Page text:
Throughout the years, stress can take a toll not only on your mental wellbeing but also your physical health. But there’s something many aren’t discussing right now: the physical impact of stress in older adults.
The simple truth is that as we age, stress starts to impact our bodies in many different ways. Fortunately, with the right approach, there are many things we can do to mitigate the effects stress has both on our own aging bodies and on the health of our more senior loved ones.
So, let’s take a moment and learn more about how stress impacts the health of older adults and what we can do about it.
For the sake of continuity, let’s define “older adults” as ages 65 and over. It’s no surprise that as we age, we start to experience more symptoms.
But when you add years of stress to an aging body, you can be in for some troubling symptoms and even disease progression. Take a look at some of the most common ways stress manifests in older adults.
But the truth of the matter is that depression is not a normal part of aging!  So, why is it so common in our aging population? Interestingly, up to 55 percent of the elderly population is shown to be suffering from chronic stress. 
Moreover, studies have shown that our basal cortisol levels naturally increase as we age.  Here’s why that matters ….
Variable and dysregulated levels of cortisol (the stress hormone) are linked to low levels of serotonin (the happy hormone).  The link to depression? Well, depression is known to be caused by low levels of serotonin, norepinephrine (the focus hormone), and dopamine (the excitement hormone).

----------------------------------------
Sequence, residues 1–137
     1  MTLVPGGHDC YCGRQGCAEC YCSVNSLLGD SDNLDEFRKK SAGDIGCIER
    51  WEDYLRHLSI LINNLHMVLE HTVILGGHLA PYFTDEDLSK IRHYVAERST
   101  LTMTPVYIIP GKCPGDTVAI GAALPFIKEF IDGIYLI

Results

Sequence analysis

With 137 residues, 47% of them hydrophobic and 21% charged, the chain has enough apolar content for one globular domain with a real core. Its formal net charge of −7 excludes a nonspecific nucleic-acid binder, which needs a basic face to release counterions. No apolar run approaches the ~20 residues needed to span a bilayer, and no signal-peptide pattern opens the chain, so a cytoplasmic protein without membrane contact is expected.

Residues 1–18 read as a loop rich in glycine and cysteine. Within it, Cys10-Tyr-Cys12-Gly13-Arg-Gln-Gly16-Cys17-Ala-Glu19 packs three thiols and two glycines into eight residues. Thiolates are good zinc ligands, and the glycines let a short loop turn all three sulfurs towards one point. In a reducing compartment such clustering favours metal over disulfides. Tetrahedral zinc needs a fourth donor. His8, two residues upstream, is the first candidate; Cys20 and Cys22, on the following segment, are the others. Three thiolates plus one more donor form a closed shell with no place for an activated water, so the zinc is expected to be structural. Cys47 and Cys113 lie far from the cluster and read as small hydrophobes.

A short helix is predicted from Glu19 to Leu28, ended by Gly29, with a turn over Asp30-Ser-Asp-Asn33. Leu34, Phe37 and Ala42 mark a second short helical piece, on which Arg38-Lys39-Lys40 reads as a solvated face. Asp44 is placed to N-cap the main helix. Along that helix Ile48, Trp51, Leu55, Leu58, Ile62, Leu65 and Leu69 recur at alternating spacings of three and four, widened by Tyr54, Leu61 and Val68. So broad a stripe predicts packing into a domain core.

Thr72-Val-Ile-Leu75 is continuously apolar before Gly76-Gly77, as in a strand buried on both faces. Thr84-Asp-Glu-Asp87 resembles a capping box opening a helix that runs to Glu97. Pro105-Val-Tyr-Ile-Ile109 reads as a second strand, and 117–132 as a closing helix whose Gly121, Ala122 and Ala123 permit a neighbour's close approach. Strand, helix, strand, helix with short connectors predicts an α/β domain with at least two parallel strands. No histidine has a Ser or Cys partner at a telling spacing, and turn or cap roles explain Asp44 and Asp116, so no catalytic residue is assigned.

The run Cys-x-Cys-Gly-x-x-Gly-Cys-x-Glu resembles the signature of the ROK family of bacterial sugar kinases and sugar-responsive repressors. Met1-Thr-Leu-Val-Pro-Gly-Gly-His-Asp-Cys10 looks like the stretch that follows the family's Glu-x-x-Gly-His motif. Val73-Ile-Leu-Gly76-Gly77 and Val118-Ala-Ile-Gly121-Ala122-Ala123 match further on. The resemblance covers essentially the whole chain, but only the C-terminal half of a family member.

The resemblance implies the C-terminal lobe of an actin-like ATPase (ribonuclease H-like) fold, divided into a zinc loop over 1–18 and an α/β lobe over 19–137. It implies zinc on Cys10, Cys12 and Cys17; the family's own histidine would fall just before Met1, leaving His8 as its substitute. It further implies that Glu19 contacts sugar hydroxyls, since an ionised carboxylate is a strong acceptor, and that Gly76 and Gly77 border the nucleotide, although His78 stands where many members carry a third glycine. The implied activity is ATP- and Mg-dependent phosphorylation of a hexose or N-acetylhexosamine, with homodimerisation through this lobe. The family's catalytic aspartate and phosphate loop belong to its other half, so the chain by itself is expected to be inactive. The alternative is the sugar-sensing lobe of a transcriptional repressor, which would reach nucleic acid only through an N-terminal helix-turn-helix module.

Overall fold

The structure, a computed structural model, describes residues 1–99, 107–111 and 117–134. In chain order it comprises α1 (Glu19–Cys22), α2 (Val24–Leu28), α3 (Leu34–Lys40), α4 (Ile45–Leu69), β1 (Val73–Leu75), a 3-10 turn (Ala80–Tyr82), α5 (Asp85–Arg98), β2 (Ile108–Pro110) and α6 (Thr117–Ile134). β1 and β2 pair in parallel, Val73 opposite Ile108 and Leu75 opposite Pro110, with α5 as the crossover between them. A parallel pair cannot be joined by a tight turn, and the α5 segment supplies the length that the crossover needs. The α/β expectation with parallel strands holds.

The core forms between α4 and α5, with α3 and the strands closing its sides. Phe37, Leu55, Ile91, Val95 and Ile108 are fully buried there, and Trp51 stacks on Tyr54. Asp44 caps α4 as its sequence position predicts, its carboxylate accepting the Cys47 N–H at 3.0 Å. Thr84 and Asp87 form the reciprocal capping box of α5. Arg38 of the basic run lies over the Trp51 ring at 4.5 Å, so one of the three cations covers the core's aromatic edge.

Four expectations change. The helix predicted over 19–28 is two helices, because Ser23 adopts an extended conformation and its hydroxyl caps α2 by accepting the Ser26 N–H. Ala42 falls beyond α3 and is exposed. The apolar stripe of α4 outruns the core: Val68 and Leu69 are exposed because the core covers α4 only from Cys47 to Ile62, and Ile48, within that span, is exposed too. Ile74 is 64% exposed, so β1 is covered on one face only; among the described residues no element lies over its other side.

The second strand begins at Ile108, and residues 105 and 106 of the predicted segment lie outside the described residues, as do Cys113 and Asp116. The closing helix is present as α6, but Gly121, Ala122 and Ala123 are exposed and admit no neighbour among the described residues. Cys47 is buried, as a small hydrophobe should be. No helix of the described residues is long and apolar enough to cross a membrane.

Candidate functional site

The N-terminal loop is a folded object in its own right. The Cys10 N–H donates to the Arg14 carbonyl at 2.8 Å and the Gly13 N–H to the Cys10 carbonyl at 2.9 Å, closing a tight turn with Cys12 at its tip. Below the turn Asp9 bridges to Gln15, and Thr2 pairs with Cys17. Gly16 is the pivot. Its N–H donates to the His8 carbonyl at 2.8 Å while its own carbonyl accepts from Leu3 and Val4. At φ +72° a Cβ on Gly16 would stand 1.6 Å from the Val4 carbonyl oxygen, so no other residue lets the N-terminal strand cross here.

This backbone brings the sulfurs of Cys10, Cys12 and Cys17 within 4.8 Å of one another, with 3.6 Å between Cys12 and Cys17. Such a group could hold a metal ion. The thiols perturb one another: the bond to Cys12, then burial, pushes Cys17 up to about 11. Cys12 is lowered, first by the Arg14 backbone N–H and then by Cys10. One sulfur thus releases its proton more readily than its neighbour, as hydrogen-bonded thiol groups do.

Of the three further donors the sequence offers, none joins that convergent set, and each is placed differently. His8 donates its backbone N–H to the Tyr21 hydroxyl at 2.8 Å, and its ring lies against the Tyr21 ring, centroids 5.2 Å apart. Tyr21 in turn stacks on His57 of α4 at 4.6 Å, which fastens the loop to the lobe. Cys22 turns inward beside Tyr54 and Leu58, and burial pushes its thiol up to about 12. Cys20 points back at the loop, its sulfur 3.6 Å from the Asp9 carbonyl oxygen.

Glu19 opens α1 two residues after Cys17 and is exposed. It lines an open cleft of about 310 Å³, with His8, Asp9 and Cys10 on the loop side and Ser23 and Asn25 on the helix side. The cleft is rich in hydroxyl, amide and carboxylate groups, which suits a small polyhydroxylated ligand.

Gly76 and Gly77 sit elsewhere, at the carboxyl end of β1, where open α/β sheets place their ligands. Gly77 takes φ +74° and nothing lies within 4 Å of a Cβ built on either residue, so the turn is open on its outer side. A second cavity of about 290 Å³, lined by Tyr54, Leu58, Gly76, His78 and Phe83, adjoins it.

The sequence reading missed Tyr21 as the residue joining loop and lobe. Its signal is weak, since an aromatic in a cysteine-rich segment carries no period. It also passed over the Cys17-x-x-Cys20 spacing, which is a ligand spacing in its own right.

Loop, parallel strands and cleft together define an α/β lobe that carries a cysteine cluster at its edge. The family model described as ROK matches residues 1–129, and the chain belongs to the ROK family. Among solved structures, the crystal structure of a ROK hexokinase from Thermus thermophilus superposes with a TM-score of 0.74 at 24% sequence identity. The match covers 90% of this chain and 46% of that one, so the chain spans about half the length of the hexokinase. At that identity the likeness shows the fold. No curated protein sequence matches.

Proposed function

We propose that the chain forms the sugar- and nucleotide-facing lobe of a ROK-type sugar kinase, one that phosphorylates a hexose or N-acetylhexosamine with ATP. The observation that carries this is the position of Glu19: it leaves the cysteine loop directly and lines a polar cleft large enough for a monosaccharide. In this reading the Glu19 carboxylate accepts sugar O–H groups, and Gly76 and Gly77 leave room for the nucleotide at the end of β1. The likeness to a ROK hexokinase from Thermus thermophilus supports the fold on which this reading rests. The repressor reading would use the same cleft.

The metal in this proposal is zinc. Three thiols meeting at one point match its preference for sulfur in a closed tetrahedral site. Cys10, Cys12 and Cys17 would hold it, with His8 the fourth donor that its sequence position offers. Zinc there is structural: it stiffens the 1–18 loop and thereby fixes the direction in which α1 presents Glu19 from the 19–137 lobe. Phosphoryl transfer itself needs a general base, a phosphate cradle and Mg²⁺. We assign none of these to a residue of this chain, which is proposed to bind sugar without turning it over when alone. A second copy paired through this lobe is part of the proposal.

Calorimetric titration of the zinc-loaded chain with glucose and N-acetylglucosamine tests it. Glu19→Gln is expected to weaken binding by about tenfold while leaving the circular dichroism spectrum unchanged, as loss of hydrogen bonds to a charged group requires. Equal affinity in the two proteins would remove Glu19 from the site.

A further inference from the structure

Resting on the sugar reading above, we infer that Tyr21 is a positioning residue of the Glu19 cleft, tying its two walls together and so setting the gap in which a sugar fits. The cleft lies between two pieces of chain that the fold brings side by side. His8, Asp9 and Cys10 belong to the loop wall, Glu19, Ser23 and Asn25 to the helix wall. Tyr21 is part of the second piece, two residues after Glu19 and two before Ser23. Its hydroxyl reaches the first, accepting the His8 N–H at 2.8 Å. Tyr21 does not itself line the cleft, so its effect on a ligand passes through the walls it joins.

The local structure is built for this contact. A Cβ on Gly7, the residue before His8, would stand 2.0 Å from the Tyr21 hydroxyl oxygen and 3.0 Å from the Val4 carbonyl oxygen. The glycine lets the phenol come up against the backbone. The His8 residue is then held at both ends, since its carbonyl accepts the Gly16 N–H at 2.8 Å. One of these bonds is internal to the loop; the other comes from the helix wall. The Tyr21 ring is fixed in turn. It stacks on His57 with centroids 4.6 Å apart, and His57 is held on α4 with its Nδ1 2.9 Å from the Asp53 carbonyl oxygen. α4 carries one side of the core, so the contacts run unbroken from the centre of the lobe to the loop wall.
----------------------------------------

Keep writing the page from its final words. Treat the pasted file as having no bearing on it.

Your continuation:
When you consider the physiology alone (not to mention the stressful year we’ve had with the COVID-19 pandemic), it’s really no wonder that we’re seeing increasing rates of depression in older adults due to stress.
At first, you may be surprised to learn that one of the ways stress in older adults affects their health is by causing digestive troubles. But once you understand the physiology a little more, it will all make sense.
First, stress is known to downregulates digestion, leading to nutritional deficiencies. And poor nutritional absorption is linked to leaky gut syndrome. But that’s not all.
Once again, we must consider the way cortisol levels impact serotonin. Now, I know we typically think of serotonin as a neurotransmitter, which is a chemical messenger for the brain. But did you know that 90 to 95 percent of all serotonin is actually made in the gut? 
In fact, the gut is known to contain numerous serotonin sensors. And studies have even shown that any change in serotonin signaling could actually be responsible for causing IBS symptoms such as constipation and diarrhea! 
Stress in older adults can also manifest as dementia. In fact, a study on more than 1,300 adults revealed that each major stressful life experience can increase the age of your brain by an astonishing 4 years! 
So, how does stress result in dementia?
High amounts of cortisol over a long period of time can actually deplete B vitamins (which is known to cause dementia) and cause your hippocampus to shrink.